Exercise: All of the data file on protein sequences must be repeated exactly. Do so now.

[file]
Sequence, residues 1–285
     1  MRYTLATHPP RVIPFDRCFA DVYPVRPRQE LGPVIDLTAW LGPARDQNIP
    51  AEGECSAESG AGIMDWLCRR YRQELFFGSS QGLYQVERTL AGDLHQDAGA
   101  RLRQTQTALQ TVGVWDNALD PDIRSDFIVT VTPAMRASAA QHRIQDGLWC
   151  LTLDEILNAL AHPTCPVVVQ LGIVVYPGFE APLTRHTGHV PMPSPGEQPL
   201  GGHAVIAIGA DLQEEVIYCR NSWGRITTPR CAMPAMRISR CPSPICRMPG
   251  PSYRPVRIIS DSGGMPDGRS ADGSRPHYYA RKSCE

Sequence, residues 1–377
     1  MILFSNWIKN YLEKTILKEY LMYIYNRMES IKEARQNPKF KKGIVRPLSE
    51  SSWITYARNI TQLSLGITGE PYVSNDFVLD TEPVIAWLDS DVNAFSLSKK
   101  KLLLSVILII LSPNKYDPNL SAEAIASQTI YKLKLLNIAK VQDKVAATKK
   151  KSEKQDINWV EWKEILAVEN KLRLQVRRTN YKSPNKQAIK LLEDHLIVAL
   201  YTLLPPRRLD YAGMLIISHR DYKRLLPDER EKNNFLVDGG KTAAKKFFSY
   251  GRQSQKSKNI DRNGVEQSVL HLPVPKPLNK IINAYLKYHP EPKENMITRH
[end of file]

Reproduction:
Sequence, residues 1–285
     1  MRYTLATHPP RVIPFDRCFA DVYPVRPRQE LGPVIDLTAW LGPARDQNIP
    51  AEGECSAESG AGIMDWLCRR YRQELFFGSS QGLYQVERTL AGDLHQDAGA
   101  RLRQTQTALQ TVGVWDNALD PDIRSDFIVT VTPAMRASAA QHRIQDGLWC
   151  LTLDEILNAL AHPTCPVVVQ LGIVVYPGFE APLTRHTGHV PMPSPGEQPL
   201  GGHAVIAIGA DLQEEVIYCR NSWGRITTPR CAMPAMRISR CPSPICRMPG
   251  PSYRPVRIIS DSGGMPDGRS ADGSRPHYYA RKSCE

Sequence, residues 1–377
     1  MILFSNWIKN YLEKTILKEY LMYIYNRMES IKEARQNPKF KKGIVRPLSE
    51  SSWITYARNI TQLSLGITGE PYVSNDFVLD TEPVIAWLDS DVNAFSLSKK
   101  KLLLSVILII LSPNKYDPNL SAEAIASQTI YKLKLLNIAK VQDKVAATKK
   151  KSEKQDINWV EWKEILAVEN KLRLQVRRTN YKSPNKQAIK LLEDHLIVAL
   201  YTLLPPRRLD YAGMLIISHR DYKRLLPDER EKNNFLVDGG KTAAKKFFSY
   251  GRQSQKSKNI DRNGVEQSVL HLPVPKPLNK IINAYLKYHP EPKENMITRH